avoid dependency on gold and gold plugin to simplify things.

Sorry, I meant equivalent only in the produced executable (t). In the
above example the bar.bc is your "shared IL library" which I assume
already exists. You want to produce a executable (t) which has a
dependency on a shared library with the symbols defined in foo.bc.

Is that the use case?

I believe that Emscripten does not use gold and gold plugin at the
moment. They use
llvm-link: https://github.com/kripken/emscripten/wiki/Building-Projects

I think that is the current implementation, yes.

I fully agree that all the features I want from the bitcode linker may
be achieved with gold + gold plugin (with mods to both parts), but I
would like to stay away from this dependency. Partly, because
maintaining modified gold and gold plugin is no fun, partly because gold
+ gold plugin is hardly broken under cygwin.

I understand. I was just pointing that emacscriten case looks different
from what you have. I don't see where an LLVM IL library (libc in your
example) would fit. All that is needed is a stub with the functions that
will be defined in JS in the end.

Cheers,
Rafael

$ llc bar.bc -filetype=obj -o bar.o
$ clang -shared -o bar.so bar.o
$ clang -use-gold-plugin foo.o bar.so -o t

Is that correct? In particular, “lld t” should show a dependency on bar.
Any particular reason for not adding this to the plugin api?

The result is a native .so here. My goal is to have a bitcode result.

gold plugin with mods supports that as well, but it would be nice to
avoid dependency on gold and gold plugin to simplify things.

Sorry, I meant equivalent only in the produced executable (t). In the
above example the bar.bc is your “shared IL library” which I assume
already exists. You want to produce a executable (t) which has a
dependency on a shared library with the symbols defined in foo.bc.

Is that the use case?

Almost. The difference is that I want to have a bitcode module as the result of linking, not executable file.

I believe that Emscripten does not use gold and gold plugin at the
moment. They use
llvm-link: https://github.com/kripken/emscripten/wiki/Building-Projects

I think that is the current implementation, yes.

I fully agree that all the features I want from the bitcode linker may
be achieved with gold + gold plugin (with mods to both parts), but I
would like to stay away from this dependency. Partly, because
maintaining modified gold and gold plugin is no fun, partly because gold

  • gold plugin is hardly broken under cygwin.

I understand. I was just pointing that emacscriten case looks different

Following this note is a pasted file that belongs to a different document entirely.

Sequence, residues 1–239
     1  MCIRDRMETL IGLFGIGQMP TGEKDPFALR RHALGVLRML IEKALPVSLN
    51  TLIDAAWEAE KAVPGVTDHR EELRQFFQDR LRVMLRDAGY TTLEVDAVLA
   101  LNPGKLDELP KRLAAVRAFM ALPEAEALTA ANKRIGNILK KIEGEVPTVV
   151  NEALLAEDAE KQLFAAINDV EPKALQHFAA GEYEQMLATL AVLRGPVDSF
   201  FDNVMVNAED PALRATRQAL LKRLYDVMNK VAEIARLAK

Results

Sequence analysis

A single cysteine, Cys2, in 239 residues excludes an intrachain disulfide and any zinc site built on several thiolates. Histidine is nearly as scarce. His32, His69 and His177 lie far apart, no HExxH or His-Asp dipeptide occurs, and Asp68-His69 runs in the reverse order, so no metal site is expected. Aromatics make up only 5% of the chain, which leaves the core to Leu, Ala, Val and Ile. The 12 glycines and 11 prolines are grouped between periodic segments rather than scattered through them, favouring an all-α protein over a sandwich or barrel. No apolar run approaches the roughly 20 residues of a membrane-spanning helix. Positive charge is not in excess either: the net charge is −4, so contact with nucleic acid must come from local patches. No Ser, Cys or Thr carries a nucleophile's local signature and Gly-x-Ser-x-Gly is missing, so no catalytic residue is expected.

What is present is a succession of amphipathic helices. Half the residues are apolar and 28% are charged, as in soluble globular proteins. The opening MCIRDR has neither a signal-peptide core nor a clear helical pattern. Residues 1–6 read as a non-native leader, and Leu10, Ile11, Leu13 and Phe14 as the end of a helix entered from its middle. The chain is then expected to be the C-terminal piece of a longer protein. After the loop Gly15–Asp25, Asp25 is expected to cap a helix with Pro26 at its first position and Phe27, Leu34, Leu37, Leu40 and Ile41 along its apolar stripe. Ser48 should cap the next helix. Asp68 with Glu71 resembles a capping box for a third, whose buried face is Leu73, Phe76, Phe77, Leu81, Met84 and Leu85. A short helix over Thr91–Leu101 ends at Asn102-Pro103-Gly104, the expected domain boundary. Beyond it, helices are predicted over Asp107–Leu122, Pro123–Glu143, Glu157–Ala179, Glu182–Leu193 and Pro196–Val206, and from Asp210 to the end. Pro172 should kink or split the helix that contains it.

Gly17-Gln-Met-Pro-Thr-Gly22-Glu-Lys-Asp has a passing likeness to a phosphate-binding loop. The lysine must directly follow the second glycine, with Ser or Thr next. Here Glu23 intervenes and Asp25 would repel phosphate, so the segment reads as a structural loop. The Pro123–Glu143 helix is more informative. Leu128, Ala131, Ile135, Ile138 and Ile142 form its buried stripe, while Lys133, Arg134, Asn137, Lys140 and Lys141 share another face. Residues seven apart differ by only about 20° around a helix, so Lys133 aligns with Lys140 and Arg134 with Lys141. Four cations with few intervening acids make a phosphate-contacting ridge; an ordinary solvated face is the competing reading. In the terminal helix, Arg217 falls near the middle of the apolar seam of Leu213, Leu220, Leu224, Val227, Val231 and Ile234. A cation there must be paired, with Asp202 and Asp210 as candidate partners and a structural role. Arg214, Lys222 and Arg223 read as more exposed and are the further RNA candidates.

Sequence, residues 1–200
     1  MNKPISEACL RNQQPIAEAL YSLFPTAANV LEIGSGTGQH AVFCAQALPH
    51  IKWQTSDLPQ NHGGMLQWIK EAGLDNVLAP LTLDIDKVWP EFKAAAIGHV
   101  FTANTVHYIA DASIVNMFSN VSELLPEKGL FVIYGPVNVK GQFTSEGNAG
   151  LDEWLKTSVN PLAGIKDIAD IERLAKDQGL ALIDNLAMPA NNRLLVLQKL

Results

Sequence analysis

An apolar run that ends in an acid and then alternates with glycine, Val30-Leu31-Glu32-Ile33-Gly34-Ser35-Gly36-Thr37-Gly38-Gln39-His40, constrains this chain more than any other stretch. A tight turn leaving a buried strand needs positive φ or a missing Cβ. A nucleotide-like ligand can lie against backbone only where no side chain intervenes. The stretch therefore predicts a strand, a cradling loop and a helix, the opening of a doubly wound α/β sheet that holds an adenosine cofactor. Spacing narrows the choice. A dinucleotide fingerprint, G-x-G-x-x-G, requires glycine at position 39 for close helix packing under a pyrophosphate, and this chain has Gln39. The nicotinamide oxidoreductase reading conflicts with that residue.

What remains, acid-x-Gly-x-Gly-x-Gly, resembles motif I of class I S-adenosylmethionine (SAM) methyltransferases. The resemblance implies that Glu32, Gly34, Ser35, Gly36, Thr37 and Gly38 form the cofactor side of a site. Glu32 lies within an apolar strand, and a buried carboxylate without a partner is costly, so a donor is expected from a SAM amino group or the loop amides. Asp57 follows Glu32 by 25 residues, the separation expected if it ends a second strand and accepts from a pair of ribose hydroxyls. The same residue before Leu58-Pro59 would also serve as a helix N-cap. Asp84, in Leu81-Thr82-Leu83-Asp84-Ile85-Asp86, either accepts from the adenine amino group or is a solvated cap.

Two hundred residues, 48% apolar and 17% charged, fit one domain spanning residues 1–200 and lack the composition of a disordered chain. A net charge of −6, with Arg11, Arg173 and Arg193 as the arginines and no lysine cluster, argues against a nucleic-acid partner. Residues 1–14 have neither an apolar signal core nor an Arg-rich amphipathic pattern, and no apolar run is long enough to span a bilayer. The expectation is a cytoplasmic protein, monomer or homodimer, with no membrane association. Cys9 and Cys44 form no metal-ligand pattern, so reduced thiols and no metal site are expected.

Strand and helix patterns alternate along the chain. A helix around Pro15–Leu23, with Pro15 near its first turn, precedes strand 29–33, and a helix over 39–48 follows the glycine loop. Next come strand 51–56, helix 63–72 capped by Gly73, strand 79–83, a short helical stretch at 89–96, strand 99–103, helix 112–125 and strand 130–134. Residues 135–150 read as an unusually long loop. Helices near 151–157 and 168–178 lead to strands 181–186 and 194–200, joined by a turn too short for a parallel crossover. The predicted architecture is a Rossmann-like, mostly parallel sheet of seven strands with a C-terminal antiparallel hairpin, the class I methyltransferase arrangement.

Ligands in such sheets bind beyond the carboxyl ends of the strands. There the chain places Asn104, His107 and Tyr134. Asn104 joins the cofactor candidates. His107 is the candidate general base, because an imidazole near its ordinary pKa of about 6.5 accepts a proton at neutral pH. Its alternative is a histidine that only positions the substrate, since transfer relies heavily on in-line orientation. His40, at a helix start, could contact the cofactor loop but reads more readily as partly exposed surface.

from what you have. I don’t see where an LLVM IL library (libc in your
example) would fit. All that is needed is a stub with the functions that
will be defined in JS in the end.

bitcode “so” is supposed to have the form of:

define void @printf() {
ret void
}

In this case, Empscripten might want to generate such stubs based on the list of javascript functions they provide and in my case, the generation of this LL stub is a simple script based on nm, sed and llvm-as that takes native .so as the input and produces a bitcode file with stub definitions of the public symbols.

This is about the same use case as Emscripten with the only difference in the source of the defined symbols (native .so vs js file)

Is it more clear now? If not, I would like to give it another try and write much more details and examples.

krasin

Is it more clear now? If not, I would like to give it another try and
write much more details and examples.

I am still not completely sure I understand the use case. In particular
since you say you want a bitcode module in the end, I don't understand
how this is different from using llvm-link, it doesn't complain about
undefined symbols...

Can you provide an example? What are your inputs. Are they IL or ELF?
What are the outputs that you want? Are they IL or ELF?

krasin

Cheers,
Rafael

Is it more clear now? If not, I would like to give it another try and
write much more details and examples.

I am still not completely sure I understand the use case. In particular
since you say you want a bitcode module in the end, I don’t understand
how this is different from using llvm-link, it doesn’t complain about
undefined symbols…

Complaining about undefined symbols is the next step. It’s already implemented in my branch: https://github.com/krasin/bitlink/commit/be222a2863a989666d4925e5344d0c84cac8e06b

Can you provide an example? What are your inputs. Are they IL or ELF?
What are the outputs that you want? Are they IL or ELF?

All the inputs and all the outputs are IL. Some IL inputs are just stubs which have only functions with empty bodies.
The output IL file is supposed to have all the symbols resolved, statically or dynamically (i.e. there’s a stub that has that symbols defined).
In case of Emscripten, that’s enough.
In our case (PNaCl), we also add metadata to the output IL file, so that it would be possible to track which shared libraries are actually needed.

As for “real life” example, we may want to consider a developer on Windows machine who wants to write a portable program (that will run inside NaCl) using libpng and glibc using PNaCl toolchain that would provide portable bitcode stubs for glibc and libpng port from naclports repositories (with link-time portable stubs as well). In this case, the developer wants to create a bitcode file that will be treated by PNaCl as executable (and would be translated to the target architecture before the actual run), linked dynamically with glibc and libpng. He may achieve this by using modified gold + modified gold plugin from the PNaCl toolchain (but Windows would prevent him from this path, see cygwin notes in my previous messages), or he can use the bitcode linker, I’m currently working on. In this case, the developer will know if all the symbols are resolved and will not have a dependency on gold linker.